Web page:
“Mr Ethuro and Dr Mutunga want more money based on their last pay cheque, but we are guided by the basic and not gross SRC pay structure,” said a top Treasury official who sought anonymity, citing sensitivity of the matter. “Kaparo demanded an armoured car, arguing that he comes from an area prone to banditry. Again, the State transport policy does not back this demand. But he is pushing.”
Mr Kaparo’s push is emboldened by the law, which does not expressly ban armoured car benefits but only specifies the provision of a four-wheel, 3000 cc engine capacity vehicle replaceable every four years. He is also entitled to a saloon car of 1,800 cc. A 2,986 cc Toyota Prado LJ is currently retailing at Sh7.1 million, but additional millions are needed to turn it into an armoured car.
Car dealers say that it could cost an additional Sh9 million for top armour protection where the Prado is encased with ballistic steel that can withstand a barrage of bullets from an AK-47 rifle and pistol. Under the Retirement Benefits (Deputy President and Designated State Officers) Act, retired officials including Speakers of Parliament, chief justices and their deputies as well deputy presidents get over-the-top retirement benefits. Retired chief justices were included in the law in April 2017 after changes to the Act, nearly a year after Dr Mutunga had retired.
Dr Mutunga wants to be paid for the 10 months between his retirement and when the law was enacted.
“The former CJ wants the pension benefits to be backdated to his retirement date yet he was not part of law,” the Treasury source told Business Daily.Taxpayers cater for office rent, furniture and office equipment, security, medical insurance and diplomatic passports for retired State officials and their spouses as well as maintenance of the vehicles at dealerships.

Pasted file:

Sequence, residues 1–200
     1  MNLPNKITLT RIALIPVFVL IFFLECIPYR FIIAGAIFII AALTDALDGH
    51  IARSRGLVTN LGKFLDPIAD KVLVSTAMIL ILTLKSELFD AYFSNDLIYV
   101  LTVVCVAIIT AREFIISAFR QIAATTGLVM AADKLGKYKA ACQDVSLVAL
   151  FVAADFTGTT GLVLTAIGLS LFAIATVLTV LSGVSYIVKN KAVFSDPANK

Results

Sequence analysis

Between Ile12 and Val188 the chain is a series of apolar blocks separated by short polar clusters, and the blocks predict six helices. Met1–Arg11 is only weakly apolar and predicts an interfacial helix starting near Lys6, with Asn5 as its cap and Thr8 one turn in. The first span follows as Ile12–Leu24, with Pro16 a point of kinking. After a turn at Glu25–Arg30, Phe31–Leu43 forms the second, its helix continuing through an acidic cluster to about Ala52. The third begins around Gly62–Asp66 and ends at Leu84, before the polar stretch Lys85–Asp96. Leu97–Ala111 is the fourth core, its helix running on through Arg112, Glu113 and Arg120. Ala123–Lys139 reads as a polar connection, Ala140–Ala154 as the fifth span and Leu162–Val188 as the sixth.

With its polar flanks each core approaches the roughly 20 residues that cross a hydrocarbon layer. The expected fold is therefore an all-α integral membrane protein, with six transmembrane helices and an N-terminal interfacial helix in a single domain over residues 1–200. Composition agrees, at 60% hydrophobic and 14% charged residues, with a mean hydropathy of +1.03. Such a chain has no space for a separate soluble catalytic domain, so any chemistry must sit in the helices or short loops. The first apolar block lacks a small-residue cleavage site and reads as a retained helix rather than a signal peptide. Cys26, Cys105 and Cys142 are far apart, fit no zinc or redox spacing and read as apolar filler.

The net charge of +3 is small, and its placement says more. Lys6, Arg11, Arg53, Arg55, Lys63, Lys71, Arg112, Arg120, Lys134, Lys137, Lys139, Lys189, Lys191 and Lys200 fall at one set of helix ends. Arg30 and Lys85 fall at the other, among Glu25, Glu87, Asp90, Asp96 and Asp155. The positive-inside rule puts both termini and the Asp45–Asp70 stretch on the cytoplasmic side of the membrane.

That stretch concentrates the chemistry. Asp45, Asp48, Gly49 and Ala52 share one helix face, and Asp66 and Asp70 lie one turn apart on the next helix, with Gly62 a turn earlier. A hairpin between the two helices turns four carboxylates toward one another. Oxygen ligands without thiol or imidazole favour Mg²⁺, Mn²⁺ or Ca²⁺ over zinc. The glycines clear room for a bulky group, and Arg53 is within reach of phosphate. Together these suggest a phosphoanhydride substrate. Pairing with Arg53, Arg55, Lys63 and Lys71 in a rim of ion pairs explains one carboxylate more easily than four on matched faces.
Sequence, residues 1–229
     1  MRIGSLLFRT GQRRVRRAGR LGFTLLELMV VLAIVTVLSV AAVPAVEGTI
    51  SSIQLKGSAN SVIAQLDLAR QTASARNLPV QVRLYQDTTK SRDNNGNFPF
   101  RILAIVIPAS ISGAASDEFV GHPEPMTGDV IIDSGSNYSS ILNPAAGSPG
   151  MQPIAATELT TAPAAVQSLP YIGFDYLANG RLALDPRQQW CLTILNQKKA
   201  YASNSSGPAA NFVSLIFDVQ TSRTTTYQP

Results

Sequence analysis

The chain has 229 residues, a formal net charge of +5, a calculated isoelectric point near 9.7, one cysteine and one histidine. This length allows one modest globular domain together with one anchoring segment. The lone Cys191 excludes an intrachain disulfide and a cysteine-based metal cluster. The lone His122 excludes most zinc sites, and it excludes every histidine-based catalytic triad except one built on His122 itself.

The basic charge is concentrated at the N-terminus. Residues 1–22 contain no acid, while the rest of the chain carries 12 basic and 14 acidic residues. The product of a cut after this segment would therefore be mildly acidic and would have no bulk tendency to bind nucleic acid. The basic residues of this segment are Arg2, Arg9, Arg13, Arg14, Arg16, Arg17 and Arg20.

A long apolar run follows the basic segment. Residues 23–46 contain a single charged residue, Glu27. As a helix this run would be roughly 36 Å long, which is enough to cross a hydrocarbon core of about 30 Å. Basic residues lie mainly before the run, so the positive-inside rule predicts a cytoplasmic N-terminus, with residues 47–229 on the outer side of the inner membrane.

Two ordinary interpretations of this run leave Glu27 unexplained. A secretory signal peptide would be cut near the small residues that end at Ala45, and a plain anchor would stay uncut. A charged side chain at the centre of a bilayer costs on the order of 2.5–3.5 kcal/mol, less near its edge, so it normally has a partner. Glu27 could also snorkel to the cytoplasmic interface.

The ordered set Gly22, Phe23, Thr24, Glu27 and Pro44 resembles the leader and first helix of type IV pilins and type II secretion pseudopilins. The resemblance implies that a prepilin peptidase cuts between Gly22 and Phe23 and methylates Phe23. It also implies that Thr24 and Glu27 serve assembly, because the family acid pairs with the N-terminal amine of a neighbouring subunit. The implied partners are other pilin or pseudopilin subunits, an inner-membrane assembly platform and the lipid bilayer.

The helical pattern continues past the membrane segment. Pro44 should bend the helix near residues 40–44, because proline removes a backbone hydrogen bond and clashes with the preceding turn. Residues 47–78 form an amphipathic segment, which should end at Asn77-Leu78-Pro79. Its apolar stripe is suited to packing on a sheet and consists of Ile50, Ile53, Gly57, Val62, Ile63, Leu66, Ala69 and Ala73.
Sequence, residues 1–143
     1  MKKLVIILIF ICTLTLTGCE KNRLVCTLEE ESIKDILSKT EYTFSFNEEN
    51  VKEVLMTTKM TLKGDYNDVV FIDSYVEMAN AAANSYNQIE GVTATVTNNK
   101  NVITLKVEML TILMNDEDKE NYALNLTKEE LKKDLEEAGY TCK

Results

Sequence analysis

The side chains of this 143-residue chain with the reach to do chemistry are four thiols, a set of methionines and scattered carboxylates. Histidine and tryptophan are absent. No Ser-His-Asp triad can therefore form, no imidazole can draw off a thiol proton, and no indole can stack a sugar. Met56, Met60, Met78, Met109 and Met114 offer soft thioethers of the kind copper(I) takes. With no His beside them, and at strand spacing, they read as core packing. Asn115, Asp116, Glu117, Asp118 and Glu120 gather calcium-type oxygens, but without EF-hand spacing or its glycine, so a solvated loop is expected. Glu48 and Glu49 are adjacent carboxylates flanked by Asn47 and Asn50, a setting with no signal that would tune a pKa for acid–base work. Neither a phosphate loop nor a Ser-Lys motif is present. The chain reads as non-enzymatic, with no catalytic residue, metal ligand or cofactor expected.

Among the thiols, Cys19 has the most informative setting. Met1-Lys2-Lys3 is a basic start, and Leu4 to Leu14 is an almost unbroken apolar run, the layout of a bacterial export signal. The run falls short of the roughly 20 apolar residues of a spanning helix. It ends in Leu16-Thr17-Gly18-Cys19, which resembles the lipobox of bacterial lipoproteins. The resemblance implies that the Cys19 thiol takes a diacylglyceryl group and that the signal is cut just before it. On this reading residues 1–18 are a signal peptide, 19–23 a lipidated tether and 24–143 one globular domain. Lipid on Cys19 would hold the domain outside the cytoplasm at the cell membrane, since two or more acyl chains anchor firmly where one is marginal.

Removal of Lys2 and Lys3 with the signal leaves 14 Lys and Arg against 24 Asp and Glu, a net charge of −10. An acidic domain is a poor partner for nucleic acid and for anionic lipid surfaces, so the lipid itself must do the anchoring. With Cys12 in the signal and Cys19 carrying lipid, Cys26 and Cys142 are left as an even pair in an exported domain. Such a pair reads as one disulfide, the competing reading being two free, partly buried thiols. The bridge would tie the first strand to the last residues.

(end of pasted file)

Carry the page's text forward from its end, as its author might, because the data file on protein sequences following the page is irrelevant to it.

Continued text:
The State also pays for their personal assistants, secretaries, accountants, housekeepers, support staff, two gardeners, armed security and cleaners. Those already enjoying these benefits are former Vice-President Moody Awori, three Speakers including Mr Kenneth Marende, retired deputy CJ Kalpana Rawal and two other ex-chief justices who are still alive -- Mr Bernard Chunga (1999-2003) and his successor, Mr Evan Gicheru (2003-2011).
The lavish benefits reflect the growing burden of keeping top public servants comfortable in retirement. For instance, taxpayers spent Sh149.2 million for staff and the office of Mr Awori in the financial year ended June last year. Treasury budget estimates show that taxpayers used Sh79.3 million for Mr Awori and his staff office rent, insurance costs (Sh25 million), staff wages (Sh20.4 million), purchase of cars (Sh11.2 million) and Sh4 million for furniture.
Retirement benefits of former presidents have also come under sharp criticism, especially in the last couple of years when allocations were increased by large margins even as the State insisted it had put in place austerity measures.